Why No Google Chrome Master Password For Saved Passwords?
The Google Chrome password manager is found in Chrome via Wrench (spanner) / Options / Personal Stuff / Managed Saved Passwords and contains a list of login usernames and passwords you have saved for websites – clicking ‘Show’ displays each password.
Because the passwords are stored in a database (in %UserProfile%\AppData\Local\Google\Chrome\User Data\Default\Login Data) you can also use a tool such as Nirsoft’s Chromepass to read this database and get a full list of all these usernames/passwords – e.g. to save them to a text file to print off. We look at how secure your saved passwords are in Chrome – and compare it to Firefox.
How Chrome Stores Saved Passwords – Chrome encrypts them using your Windows logon password.
- Can another user account on your computer read them? No, not unless they know your user account password.
- What if someone copies your password database to another computer? They still won’t be able to read it without knowing your Windows logon password.
- What if someone uses password reset tools to reset/change your password from outside of your user account and then logs in as you? Again, they will not be able to read the passwords – in fact all your Chrome passwords become unreadable if your Windows password is changed by anyone except you. Even tools like ChromePass can’t access them – unless you tell it your previous Windows logon password.
Warning: if you forget your Windows logon password and have to reset/blank it using special tools (or from an admin account) you will lose access to all your Chrome saved passwords – you can’t view them or automatically login to stored websites! This is a disadvantage that Google really should warn you about…
How Firefox Stores Saved Passwords – Firefox stores saved passwords in plain text so, in all 3 situations above, someone else can easily read your saved passwords. By default then, Chrome is far more secure. However, remember that hacking tools can quickly find out your Windows logon password if it is a simple one i.e. less than 10 characters and not a mix of letters, numbers and symbols.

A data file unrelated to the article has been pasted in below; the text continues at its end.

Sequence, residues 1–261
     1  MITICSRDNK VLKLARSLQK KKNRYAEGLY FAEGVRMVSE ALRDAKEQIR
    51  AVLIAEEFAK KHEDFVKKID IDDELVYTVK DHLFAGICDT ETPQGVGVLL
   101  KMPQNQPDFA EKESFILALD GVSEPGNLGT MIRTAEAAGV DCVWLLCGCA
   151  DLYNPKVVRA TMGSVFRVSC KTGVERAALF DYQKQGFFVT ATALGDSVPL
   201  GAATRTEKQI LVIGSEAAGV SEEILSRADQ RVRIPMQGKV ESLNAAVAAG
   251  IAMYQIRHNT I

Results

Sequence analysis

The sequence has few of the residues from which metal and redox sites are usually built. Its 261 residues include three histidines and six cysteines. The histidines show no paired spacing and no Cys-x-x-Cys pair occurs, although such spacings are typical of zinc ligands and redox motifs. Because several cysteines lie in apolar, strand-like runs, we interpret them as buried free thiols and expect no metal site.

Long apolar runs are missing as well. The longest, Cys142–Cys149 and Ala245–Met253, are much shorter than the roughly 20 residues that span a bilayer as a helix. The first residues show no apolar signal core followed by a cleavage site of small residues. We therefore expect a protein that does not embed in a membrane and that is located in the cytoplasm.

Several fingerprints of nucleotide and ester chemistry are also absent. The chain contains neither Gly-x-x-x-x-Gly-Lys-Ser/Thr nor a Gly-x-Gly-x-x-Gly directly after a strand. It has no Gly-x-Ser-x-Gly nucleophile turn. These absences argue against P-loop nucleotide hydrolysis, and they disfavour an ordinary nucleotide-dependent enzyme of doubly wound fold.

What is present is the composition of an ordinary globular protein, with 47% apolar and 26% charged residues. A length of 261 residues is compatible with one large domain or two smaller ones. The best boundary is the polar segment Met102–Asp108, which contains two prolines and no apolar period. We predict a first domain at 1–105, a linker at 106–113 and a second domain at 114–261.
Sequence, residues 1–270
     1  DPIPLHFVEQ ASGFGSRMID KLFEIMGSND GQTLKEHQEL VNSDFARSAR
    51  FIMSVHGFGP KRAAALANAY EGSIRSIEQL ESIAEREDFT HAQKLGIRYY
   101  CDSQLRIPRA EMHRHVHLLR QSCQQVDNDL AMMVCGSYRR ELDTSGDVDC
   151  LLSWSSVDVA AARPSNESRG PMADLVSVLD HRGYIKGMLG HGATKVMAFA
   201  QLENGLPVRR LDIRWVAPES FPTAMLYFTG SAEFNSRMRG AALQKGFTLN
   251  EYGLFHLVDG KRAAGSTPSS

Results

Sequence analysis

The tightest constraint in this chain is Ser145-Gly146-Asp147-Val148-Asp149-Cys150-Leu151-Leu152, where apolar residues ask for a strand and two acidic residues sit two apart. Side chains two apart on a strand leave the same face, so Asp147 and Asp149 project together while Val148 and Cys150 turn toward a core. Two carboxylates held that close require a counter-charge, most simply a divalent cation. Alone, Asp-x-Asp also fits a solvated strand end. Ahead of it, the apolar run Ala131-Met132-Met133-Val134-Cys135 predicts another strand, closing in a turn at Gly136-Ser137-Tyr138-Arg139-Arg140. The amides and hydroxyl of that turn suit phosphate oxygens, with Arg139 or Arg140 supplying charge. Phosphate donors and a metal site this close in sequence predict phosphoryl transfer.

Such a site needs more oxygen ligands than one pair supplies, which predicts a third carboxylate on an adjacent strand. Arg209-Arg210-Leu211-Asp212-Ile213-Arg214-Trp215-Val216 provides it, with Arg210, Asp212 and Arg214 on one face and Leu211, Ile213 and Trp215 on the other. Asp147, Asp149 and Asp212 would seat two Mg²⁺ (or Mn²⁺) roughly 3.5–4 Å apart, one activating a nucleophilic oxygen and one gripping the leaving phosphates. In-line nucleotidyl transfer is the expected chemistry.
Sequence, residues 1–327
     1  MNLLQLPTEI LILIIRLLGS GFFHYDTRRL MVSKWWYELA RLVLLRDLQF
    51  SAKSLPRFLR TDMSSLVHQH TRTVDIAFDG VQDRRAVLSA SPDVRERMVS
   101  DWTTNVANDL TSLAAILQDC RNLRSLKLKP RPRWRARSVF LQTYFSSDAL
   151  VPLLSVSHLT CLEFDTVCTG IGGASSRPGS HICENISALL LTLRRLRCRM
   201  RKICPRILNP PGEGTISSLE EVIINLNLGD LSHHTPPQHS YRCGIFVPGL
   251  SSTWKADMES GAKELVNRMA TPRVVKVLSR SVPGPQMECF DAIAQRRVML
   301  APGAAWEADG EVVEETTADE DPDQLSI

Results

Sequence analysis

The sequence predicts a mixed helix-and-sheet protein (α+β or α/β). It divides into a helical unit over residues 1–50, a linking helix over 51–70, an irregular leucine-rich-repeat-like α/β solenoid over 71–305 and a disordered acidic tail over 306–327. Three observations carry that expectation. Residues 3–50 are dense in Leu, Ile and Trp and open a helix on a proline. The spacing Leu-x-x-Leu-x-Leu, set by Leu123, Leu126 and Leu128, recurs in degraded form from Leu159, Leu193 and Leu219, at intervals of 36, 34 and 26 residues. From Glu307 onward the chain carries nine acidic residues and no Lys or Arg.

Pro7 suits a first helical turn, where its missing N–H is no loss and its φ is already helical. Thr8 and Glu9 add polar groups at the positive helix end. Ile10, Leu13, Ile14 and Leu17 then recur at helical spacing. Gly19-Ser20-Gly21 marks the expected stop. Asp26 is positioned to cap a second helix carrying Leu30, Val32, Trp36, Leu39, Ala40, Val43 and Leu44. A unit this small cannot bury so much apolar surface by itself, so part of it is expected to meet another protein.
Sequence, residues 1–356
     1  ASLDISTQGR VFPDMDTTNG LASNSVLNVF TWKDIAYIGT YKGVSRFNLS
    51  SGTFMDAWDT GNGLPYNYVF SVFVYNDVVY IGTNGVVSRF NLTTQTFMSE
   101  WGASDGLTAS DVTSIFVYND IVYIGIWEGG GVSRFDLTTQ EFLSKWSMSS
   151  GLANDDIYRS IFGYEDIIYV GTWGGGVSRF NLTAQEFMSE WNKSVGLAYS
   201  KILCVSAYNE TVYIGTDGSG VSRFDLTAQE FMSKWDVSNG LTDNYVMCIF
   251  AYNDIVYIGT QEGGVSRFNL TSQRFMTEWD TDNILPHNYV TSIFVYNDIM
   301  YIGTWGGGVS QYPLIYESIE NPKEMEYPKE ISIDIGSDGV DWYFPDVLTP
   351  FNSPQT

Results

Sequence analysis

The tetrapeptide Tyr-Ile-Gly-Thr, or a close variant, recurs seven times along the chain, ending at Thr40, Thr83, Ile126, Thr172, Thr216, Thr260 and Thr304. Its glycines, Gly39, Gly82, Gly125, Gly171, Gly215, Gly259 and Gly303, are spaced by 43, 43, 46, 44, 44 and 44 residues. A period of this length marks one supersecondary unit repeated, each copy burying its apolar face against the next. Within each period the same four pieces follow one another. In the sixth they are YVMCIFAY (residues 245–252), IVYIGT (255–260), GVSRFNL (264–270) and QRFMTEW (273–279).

If you use an easy to guess Windows logon password then all bets are off – someone can find that out and use it to read all your Chrome saved passwords.
What About A Master Password?
Firefox includes a Master Password option whereas Chrome doesn’t. Setting a master password in Firefox encrypts all saved passwords to triple DES standard which is extremely secure.
And because the Master Password doesn’t use your Windows logon password to encrypt the database, Firefox does not suffer from the ‘forgotten password’ problem of Chrome i.e. even if you had to reset your Windows password or move your Firefox database to another computer you could still view your saved passwords – if you knew the Master Password.
Why Doesn’t Google Chrome Have A Master Password?
Google’s response in the Chrome support forum is baffling: ‘Our decision not to implement the Master Password feature is based on our belief that it creates a false sense of security instead of actually providing a strong security benefit’.
In our humble opinion that is misguided – there is no valid security reason why Chrome should not add a master password option to increase security for those that want it.
Chrome’s default security relies totally on the strength of your Windows logon password – and for many people that is minimal… If you have a very strong Windows password then Chrome passwords are also secure, but if you have a weak Windows password like ‘12345’ (or none at all) then your Chrome passwords are very insecure.
We also don’t like the fact that if you forget your Windows logon password you lose all your Chrome passwords. In theory the same goes for Firefox’s Master Password but at least users know they have purposely set that up whereas most Chrome users won’t have a clue that their Windows password is absolutely crucial to how their passwords are stored in Chrome…
Chrome’s password security is certainly better than Firefox’s default security (although the reliance on Windows passwords is poor). However, Firefox excels by offering a Master Password which achieves far better protection than Chrome – even a weak Master Password using Triple DES encryption is much harder to crack than a weak Windows logon password.
See our review of LastPass – a secure password manager that effectively adds Master Password functionality (and a lot more) to Chrome. It’s just a shame that Google are ignoring this issue and not providing the option for security conscious users.